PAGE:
Traditions, Superstitions And Stranger Things: Third Times The Charm

Eric Urbanowicz
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So far in this series we’ve seen everything from players letting a dog urinate on their leg to logos being on only one side of a football helmet to octopuses being thrown onto the ice during the hockey playoffs. Crazy enough though, these don’t even scratch the surface. As we’ll see today, there are many quirks this series still has to touch on. With that said, let’s venture back into a world of athletes:


“Appearance Policy”

Pitchers Randy Johnson and Gerrit Cole, outfielders Johnny Damon and Andrew McCutchen and first baseman Jason Giambi all have one thing in common: they all got their hair cut because they signed with the New York Yankees.

It’s one of the most questioned policies among athletes in baseball, however for decades it’s been implemented and is still to this day. When and why did it start, though?

Starting in 1973, then team owner George Steinbrenner instituted the policy after seeing several players’ hair covering their numbers during the National Anthem. He would write down the players’ numbers since their names weren’t on the back of the jerseys, then instruct them to cut their hair.

Their official policy states: “All players, coaches, and male executives are forbidden to display any facial hair, other than mustaches unless there’s a religious reason, and scalp hair may not be grown below the collar.”

The reason for this has been attributed to Steinbrenner’s desire for the team to adopt a corporate attitude. It’s also speculated that his time in the United States Air Force has also inspired the policy.

The policy has seen backlash from players like pitcher David Price, who openly stated he would never sign with New York with the policy in place. Even McCutchen called for the team to get rid of their appearance policy after he left them team for Philadelphia.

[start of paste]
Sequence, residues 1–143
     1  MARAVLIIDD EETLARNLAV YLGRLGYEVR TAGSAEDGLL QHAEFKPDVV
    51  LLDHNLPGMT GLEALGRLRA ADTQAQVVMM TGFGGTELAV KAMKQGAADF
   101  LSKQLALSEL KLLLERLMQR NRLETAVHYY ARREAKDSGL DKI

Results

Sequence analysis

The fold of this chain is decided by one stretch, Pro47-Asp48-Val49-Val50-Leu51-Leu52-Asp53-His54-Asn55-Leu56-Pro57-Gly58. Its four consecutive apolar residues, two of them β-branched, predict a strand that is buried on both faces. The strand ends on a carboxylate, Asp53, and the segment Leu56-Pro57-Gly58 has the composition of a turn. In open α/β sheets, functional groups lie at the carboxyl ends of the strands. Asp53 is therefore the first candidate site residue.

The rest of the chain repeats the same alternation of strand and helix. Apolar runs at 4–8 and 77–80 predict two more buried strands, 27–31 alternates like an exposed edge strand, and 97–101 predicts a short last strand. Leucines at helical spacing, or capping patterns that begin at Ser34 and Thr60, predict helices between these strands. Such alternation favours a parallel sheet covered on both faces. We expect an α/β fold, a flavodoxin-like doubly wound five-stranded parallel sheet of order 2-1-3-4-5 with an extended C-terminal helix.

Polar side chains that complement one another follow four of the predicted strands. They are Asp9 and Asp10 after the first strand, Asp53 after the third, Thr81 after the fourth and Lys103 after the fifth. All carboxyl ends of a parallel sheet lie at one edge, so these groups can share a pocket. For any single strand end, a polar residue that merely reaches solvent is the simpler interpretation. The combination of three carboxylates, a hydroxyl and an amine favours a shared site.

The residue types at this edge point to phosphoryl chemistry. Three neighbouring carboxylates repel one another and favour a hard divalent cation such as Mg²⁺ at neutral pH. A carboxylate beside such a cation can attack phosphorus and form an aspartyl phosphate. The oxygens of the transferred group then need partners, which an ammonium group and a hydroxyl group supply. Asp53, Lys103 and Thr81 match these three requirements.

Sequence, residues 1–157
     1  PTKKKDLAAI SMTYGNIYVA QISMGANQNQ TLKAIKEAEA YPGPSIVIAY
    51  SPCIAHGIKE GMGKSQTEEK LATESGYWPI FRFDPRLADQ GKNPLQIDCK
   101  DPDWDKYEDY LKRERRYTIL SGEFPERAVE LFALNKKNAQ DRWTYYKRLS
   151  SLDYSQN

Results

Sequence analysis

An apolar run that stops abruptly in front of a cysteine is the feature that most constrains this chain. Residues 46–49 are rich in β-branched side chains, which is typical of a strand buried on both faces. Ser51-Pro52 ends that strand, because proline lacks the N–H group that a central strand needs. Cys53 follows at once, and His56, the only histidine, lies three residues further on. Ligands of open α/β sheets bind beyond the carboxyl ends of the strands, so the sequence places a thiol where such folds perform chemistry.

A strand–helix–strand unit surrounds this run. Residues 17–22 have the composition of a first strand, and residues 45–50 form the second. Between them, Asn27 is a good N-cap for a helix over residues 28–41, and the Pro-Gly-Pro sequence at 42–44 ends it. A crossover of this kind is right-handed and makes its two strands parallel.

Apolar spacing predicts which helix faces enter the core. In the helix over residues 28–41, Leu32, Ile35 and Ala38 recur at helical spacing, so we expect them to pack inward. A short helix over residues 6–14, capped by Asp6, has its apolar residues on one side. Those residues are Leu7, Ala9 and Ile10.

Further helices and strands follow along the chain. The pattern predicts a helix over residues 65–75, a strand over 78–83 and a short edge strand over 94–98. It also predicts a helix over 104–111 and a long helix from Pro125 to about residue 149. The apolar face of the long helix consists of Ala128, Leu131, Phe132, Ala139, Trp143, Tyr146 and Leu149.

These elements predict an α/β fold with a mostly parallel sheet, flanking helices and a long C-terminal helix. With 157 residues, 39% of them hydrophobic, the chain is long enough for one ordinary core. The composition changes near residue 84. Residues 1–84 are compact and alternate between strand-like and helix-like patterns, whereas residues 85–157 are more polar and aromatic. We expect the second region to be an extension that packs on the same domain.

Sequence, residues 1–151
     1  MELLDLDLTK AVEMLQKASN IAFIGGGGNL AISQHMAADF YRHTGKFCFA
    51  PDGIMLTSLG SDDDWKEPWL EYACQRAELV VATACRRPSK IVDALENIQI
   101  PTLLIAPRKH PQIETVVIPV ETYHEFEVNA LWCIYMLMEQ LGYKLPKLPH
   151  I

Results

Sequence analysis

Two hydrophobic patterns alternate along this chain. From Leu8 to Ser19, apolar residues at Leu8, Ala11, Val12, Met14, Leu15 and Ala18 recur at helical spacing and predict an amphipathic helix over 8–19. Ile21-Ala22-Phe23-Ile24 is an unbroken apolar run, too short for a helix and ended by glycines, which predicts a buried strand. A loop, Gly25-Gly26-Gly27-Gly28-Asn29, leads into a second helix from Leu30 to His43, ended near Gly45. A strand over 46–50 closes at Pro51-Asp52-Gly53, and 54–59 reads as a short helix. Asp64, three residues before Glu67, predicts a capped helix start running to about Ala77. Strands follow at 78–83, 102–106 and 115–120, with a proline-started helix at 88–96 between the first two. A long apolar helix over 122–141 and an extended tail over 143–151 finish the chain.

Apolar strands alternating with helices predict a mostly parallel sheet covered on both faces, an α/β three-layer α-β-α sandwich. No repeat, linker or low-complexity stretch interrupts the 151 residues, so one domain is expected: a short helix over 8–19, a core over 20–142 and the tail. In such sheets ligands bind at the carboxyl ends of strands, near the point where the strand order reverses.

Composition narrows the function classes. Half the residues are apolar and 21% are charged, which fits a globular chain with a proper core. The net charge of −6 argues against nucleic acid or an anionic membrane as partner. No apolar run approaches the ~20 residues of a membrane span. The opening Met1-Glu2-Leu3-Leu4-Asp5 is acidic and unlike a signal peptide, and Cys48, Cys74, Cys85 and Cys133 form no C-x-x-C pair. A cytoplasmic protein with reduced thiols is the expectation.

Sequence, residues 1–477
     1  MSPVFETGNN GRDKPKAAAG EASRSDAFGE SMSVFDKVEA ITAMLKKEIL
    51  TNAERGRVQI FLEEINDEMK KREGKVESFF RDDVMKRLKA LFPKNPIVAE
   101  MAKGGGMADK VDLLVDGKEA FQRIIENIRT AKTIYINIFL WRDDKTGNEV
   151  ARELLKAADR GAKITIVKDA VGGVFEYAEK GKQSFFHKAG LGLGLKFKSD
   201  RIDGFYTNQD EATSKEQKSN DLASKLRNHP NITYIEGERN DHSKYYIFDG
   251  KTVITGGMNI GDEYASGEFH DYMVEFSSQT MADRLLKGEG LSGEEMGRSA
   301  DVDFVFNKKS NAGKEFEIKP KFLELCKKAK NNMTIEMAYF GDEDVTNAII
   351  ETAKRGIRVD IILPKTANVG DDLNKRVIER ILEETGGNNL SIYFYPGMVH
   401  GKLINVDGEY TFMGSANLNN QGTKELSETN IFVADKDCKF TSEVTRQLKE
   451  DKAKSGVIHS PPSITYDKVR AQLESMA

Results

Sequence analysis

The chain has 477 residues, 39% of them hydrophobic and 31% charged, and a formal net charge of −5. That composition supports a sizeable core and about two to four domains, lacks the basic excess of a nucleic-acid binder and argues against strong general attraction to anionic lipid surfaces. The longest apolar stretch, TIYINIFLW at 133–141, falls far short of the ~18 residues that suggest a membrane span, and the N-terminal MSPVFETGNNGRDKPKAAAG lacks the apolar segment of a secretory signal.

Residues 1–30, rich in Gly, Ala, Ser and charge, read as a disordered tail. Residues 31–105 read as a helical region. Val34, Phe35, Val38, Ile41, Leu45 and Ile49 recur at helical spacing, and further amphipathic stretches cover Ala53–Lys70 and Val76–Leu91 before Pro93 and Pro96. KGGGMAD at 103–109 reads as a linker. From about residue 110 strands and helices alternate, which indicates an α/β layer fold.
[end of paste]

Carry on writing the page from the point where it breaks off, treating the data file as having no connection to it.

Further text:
The Real Life Clipper

Former Sacramento Kings and Atlanta Hawks star Mike Bibby is known for a few things: being the last member of Vancouver Grizzlies roster to be active and for being the star of Sacramento when they were hot. However, during time outs he did something that is a bit unconventional.

During games, Bibby had a habit of biting his nails, as well picking at them. It would eventually peak when he would sit on the bench and someone would give him a pair of nail clippers. Many believe he was in the habit due to anxiety, with some speculating that it’s Obsessive-Compulsive Disorder.

Whatever the case, if you see Bibby playing pick-up basketball ever, don’t be surprised if he finds a pair of clippers.



For those that don’t know, a “plumber” is a hard working hockey player who does the dirty work in the corners of the rink. Much to the surprise of some though, there was a real life plumber in the NHL….sort of.

In his rookie season, Ottawa Senators forward Bruce Gardiner was advised by a veteran to get his stick dirty and suggested he dip it in the toilet. At first he refused but when he had a scoring slump, he tried it. Strangely enough, it worked and he started scoring.

He would do this as a daily ritual for years, before making it a part-time thing, only breaking it out during slumps. It would even help him get the first goal for the Columbus Blue Jackets in franchise history. Kneel to the porcelain throne!


Smith’s Surprising Shot

Pregame meals in sports are nothing different, from pizza to cheesecake to salmon, there is nothing out of the ordinary. Though of the more unique ones comes from Minnesota Vikings’ safety Harrison Smith. Included are a cup of coffee, half of a plain bagel and a shot of Tabasco sauce before every noon kickoff game.

Smith has gone on record to say he’s not always hungry before kickoff, however he forces himself to do the shot. He also said he can’t have too much coffee because it makes him cramp up and that Tabasco, “wakes me up…the hot sauce is mandatory.” Considering it’s helped him to five Pro Bowls and two All-Pro teams, it has to have some effect on him.

Eric Urbanowicz


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